Co-founders Noam Liram and Alex Litvak started Sightfull, a next-generation Business Intelligence platform, nearly two years ago with an aim to apply modern technologies against the age-old challenge of truly understand and managing a revenue cycle. They recently launched the company out of stealth with product in the wild and customers already on board.
We talked with CEO Noam Liram about his decision to start a company with long-time friend Alex, what lessons he’s bringing to Sightfull from his experience at Adallom and Microsoft, and why tackle Business Intelligence.
WHY THIS, WHY NOW?
My co-founder Alex and I both have cybersecurity backgrounds, and that’s a space that is quick to leverage new technologies. Whether it’s graph-based data modeling or AI/ML and so on, in security, you’re using groundbreaking tech to identify problems faster and earlier. Same with DevOps.
That forward-leaning approach doesn’t exist in the business analytics space, which really hasn’t changed much in the last 10 to 15 years. There isn’t a way to get a unified look at sales, marketing, customer success – the revenue cycle as a whole.
“BI has been a buzzword for so long that there’s a lot of disillusionment around it… We want to put an end to disappointed teams.”
BI has been a buzzword for so long that there’s a lot of disillusionment around it. It was supposed to be this answer to every business challenge, but it requires a big commitment of data, money, and expertise. It hasn’t really delivered. We want to put an end to disappointed business, finance and operations teams.
The Sightfull platform uses graph databases to map all the data related to a customers’s revenue cycle in a way that couldn’t be done before with legacy BI technologies. The platform’s “autonomous analysts” that create an always-on, holistic look at a company’s revenue cycle without having to hire an entire army of data engineers.
When you think about it, not every company can employ the best analysts, but they can all buy the best product. The relational data connections we’re able to make means there can finally be that best product.
LEARNING AND INSPIRATION
I learned a lot as the first employee at Adallom. One thing is how important your team is. It takes time, effort, and intention to create the right team. I’ve carried that over to Sightfull. We were just doing a photoshoot for the launch, and it really struck me to see 20+ people in Sightfull t-shirts. These are all people that Alex and I handpicked for this opportunity to create something huge, to have a real impact on something. In return, I have the opportunity to learn from each one of them.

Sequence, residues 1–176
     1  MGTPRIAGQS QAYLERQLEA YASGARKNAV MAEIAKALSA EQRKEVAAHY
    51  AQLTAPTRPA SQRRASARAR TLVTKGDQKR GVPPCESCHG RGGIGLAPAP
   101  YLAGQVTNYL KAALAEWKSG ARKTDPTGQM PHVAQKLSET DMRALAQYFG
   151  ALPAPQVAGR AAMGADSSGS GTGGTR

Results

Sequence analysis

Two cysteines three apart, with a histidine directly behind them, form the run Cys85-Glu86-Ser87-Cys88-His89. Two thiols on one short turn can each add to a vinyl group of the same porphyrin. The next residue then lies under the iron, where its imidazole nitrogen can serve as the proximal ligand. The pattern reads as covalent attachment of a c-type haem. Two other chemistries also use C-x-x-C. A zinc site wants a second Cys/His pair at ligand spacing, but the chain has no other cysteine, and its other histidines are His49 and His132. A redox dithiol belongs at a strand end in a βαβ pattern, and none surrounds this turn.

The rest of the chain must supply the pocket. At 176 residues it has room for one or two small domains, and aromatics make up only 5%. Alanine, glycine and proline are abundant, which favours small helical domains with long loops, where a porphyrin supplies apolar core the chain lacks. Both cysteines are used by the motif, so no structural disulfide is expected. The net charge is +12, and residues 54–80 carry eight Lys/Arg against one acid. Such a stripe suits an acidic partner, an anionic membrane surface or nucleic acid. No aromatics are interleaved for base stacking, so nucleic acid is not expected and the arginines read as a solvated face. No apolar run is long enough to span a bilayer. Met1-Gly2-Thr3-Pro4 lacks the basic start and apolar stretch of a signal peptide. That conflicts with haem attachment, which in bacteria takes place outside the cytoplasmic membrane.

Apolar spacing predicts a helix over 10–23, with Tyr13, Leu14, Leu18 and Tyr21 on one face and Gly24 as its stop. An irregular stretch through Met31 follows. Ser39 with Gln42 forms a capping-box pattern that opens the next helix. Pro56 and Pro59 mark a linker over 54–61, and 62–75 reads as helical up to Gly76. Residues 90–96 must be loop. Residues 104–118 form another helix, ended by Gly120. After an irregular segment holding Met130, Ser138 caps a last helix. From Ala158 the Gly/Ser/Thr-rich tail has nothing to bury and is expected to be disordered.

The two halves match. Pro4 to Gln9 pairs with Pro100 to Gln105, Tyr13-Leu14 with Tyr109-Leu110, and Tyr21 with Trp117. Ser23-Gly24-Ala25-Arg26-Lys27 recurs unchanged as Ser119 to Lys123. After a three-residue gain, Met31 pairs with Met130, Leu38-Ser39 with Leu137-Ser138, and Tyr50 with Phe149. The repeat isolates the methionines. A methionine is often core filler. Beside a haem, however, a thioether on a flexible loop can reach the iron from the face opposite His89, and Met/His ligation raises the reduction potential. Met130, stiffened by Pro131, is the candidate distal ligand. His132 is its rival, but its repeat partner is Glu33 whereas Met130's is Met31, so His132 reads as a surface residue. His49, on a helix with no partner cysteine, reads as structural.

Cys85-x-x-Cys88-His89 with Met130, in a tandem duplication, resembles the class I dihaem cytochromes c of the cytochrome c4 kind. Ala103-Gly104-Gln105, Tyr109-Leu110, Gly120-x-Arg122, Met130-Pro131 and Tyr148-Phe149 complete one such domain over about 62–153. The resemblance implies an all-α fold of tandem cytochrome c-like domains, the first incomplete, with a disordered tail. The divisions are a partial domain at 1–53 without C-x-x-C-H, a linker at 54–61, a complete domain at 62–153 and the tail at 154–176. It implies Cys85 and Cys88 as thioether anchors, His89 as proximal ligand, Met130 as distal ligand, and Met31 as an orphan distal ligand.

The Sightfull Team at Launch
“I also knew how important it is to have a co-founder you can trust completely and wouldn’t need to think twice about if they are going to do what they say will do. They also have to be someone you can laugh with. For me, that’s Alex.”
I also knew how important it is to have a co-founder that I could trust completely and wouldn’t need to think twice about if they are going to do what they say will do. They also have to be someone you can laugh with. There will be tough parts to scaling a company. What makes them bearable is that at the most serious moment, you could crack a joke and have a good time. That’s Alex and me. We’ve known each other for more than 15 years, since bootcamp. We each know how the other makes decisions and what our values are. We’re on the same wavelength.
I also learned things from being acquired by Microsoft. I experienced firsthand what it takes to scale up to support hundreds of thousands of customers. That leaves a mark on you and it’s something I leverage day in and day out.
A couple of things I’ve learned not to do is first, from my experience at Adallom, don’t ignore your customers. You don’t always know best. Luckily, we learned that lesson fast and were able to pivot to something successful, but in the first few months, we really didn’t listen.
“Don’t ignore your customers. You don’t always know best.”
Second, this is not a sprint. Building a company is not like being in the Army. It takes a healthier, more sustainable culture. If you want to build something big, you can’t just optimize for making a quick sale. Big things take time.
OFF THE CLOCK
It’s important to have balance. For me, I have two hobbies that take me outside. I ride a Onewheel for fun. And I ride a motorcycle. Going on motorcycle rides is how I clear my head.
A fun fact: I intended to go to university but it was never the right timing. Adallom was doing great, then I was at Microsoft and it just didn’t make sense to put that on pause for three or four years. Instead, I made a case where I should be admitted to an MBA program, even without a Bachelor’s degree. It’s a story of persistence. And in bending the rules.